29 9 / 2010
If you find yourself in London right now, or happen to be heading there soon, here are a few of my city favourites:
Coffee: It has to be Kaffeine, on Great Titchfield St, only a short walk from Oxford Circus but pleasantly tucked away from that chaotic intersection. An Australian/Kiwi-run business, not only do they brew a splendid drop of that black nectar, but they also sell yummy cafe food (much of which is made in house). Think Portugese tarts, Anzac cookies, super moist brownies, and always fresh and lively salads (my favourite being their version of the Waldorf salad). And they’re always ready with genuine smiles and warm service; I became a regular on my second visit.
Borough Market Brownies!
Food Markets: Over by London Bridge, Borough Market is the place to be for artisanal and just plain tasty foods of all kinds: French pastries, vegetarian lunches, frankfurters and bratwursts, homemade confitures and chutneys…the memories alone are making me hungry! Brave the Saturday crowds for a divine slice of Belgian chocolate tart for £2.00, and definitely stop by the cheese and sausage stalls (in the part of the market next to Southwark Cathedral). Also encouraged: a taste test of all the brownie varieties to be found in the market; there are about four or five different brownie vendors, each of whom claim to make the best in the Borough…at around £1.50-£2.00 a slice, giving into temptation is so easy, so cheap, and so worth it. (You can also pick up fresh fruit and vegies in the main market area.)
Inside my favourite room in Hertford House, home to The Wallace Collection
Museum: The expansive British Museum in Bloomsbury is iconic, and the Natural History Museum over in Kensington is where it’s at for inquisitive minds of all ages. But my favourite is The Wallace Collection, hidden away in W1 (yes, that’s possible) amongst leafy, residential terrace houses. Recommended to me by Peter from Kaffeine (gotta love a barista who shares his city secrets!), the collection features gilded gold grandfather clocks, centuries-old porcelain figurines and trinkets, Rembrandts and a long room full of Dutch Masters, armory and weaponry, even a Marie Antoinette room housing the most pieces from her private collection to be found anywhere in the world. In my opinion, these are the most opulent rooms in London that are accessible by the public for the whopping admission price of free. Yep. Free.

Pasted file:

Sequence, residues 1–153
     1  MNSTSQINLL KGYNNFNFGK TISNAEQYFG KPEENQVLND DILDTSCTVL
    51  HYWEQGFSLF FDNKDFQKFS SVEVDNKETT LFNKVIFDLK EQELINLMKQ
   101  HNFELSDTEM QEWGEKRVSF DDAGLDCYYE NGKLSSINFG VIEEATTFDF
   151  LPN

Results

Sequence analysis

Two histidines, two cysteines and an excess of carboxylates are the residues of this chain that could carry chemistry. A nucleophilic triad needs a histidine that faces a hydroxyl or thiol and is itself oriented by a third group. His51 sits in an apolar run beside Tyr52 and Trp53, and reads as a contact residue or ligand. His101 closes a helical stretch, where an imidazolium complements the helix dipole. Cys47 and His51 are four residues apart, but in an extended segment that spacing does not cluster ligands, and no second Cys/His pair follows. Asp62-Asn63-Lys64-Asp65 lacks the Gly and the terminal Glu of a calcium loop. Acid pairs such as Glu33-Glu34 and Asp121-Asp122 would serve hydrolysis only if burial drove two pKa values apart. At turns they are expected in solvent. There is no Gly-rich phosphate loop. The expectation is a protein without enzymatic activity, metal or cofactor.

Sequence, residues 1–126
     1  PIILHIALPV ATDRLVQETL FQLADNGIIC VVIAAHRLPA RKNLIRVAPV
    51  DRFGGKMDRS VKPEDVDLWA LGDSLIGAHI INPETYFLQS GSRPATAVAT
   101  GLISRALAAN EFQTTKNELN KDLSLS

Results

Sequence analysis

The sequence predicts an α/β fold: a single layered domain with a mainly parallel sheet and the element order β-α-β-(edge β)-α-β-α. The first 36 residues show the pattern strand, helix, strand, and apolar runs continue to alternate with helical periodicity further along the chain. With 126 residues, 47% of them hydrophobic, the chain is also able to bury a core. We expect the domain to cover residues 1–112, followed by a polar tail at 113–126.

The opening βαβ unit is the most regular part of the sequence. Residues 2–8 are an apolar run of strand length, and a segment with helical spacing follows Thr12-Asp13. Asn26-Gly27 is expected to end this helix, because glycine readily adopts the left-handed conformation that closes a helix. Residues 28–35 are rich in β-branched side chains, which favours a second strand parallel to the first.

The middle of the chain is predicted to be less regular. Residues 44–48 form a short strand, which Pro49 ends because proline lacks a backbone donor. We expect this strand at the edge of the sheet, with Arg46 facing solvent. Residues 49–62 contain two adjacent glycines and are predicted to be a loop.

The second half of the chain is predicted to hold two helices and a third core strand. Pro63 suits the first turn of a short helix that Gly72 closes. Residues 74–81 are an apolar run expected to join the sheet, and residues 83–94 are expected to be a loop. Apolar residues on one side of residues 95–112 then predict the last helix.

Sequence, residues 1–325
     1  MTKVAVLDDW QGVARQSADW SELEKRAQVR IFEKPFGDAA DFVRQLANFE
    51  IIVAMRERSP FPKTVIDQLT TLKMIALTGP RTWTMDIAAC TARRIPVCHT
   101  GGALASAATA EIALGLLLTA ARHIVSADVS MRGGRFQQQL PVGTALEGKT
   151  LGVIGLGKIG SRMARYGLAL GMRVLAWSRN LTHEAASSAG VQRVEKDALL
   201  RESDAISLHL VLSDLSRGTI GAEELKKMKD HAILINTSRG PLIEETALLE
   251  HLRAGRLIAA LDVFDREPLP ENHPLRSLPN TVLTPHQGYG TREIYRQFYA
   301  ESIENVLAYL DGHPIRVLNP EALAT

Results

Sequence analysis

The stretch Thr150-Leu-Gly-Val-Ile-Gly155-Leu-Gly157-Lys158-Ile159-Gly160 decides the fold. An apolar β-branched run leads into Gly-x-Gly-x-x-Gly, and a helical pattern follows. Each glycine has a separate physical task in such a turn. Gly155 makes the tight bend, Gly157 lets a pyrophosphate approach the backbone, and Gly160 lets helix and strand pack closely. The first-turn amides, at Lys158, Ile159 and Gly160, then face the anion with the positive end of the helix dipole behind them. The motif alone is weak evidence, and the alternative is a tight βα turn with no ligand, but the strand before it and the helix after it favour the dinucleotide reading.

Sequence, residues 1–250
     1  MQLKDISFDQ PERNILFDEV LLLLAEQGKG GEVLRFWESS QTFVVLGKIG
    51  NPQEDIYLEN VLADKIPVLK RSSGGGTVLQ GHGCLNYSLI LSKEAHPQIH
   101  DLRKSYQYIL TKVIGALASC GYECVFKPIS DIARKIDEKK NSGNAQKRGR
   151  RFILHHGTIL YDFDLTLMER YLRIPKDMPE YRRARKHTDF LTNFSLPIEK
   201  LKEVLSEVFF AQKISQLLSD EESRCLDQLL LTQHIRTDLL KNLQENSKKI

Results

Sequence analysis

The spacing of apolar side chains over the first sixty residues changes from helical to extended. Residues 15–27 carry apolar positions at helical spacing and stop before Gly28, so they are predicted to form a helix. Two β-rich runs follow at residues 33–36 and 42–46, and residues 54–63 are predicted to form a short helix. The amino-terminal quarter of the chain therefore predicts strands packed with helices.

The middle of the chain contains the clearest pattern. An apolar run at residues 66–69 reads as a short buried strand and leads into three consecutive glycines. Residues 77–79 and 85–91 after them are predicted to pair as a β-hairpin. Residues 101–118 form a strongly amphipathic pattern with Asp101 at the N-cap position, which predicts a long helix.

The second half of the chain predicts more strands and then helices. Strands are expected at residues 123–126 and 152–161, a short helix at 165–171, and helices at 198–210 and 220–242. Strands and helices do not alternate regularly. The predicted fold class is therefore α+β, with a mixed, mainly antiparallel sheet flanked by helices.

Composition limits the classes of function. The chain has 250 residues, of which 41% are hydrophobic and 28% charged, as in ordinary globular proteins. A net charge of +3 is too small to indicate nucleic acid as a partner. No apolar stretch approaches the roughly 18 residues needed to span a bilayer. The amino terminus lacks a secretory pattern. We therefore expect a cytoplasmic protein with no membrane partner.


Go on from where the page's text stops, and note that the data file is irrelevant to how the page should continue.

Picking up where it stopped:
Kensington Gardens in Bloom
Gardens: Hyde Park might be livelier, but walking through Kensington Gardens in the springtime is something to behold. You’ll see all kinds: families, loners, couples, aristocrats, little kids, littler dogs, joggers, all sharing the beautifully manicured greenery. Sit by the lake and pass the time drinking wine with friends while watching the swans, or escape into the heart of the gardens and surround yourself with only trees and grass and silence.
11 9 / 2010
Today, my slow lunch consisted of a fresh baguette from a local boulangerie (bakery), either dipped in extra virgin olive oil, or eaten with slices of rosette (a type of French salami) and generous wedges of brie.
Votre dejeuner est invalide.
07 8 / 2010
I love SF, and I love that SF loves food.
The hungry hungry hippos/people swarming the food trucks parked at Fort Mason
Today’s food adventure started when I went down to the Mission for photowalking and had amazing tacos for lunch. Found a little hole-in-the-wall coffee shop called Grand Coffee, where I drank some blessed black nectar and had a nice little chat to the barista while I enjoyed my cup of joe. Then it was over to Japantown for first dinner, where I sipped on green tea, and ate gyozas and avocado sushi. With the appetite to match that of an adolescent boy, I made my way to Fort Mason for the weekly food truck gathering, "Off The Grid", where there were lines aplenty and ZOMG such good food! For second dinner, I had a bowl of ramen with braised pork shoulder, and vanilla bean creme brulee for dessert.